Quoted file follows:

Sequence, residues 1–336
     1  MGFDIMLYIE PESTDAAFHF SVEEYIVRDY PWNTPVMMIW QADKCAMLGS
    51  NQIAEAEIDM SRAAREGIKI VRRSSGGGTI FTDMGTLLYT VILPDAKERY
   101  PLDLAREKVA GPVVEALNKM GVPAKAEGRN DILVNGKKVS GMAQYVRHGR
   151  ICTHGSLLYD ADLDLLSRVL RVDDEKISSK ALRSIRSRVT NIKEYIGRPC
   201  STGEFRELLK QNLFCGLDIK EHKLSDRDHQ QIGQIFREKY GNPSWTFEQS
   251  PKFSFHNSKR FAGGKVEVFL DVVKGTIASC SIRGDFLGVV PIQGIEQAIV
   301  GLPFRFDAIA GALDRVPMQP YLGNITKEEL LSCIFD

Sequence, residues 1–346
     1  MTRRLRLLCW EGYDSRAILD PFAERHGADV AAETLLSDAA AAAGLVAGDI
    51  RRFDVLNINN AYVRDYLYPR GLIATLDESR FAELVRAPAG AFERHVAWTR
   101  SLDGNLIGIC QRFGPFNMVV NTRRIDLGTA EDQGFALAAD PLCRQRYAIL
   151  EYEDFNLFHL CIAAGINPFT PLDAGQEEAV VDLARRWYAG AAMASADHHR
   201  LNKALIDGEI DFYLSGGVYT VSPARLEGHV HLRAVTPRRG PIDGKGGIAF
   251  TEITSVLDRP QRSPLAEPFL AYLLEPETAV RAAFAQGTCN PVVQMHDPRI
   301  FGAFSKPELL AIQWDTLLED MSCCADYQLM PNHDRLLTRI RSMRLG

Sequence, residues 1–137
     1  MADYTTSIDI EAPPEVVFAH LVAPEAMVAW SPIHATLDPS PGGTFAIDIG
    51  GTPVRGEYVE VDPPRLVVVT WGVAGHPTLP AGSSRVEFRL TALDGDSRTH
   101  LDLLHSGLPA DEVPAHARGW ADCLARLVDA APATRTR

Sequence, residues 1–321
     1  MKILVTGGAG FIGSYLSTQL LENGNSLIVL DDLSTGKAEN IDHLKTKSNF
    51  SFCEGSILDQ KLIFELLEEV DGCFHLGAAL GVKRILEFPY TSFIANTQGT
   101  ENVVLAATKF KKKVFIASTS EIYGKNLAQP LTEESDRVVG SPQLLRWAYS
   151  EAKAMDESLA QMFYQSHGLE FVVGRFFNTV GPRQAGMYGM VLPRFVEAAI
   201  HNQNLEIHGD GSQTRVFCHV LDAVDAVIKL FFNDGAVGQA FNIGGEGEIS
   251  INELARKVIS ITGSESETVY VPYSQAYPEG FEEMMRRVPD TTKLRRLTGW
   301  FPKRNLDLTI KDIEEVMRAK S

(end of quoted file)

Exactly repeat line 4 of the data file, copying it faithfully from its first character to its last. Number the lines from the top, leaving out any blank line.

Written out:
   101  PLDLAREKVA GPVVEALNKM GVPAKAEGRN DILVNGKKVS GMAQYVRHGR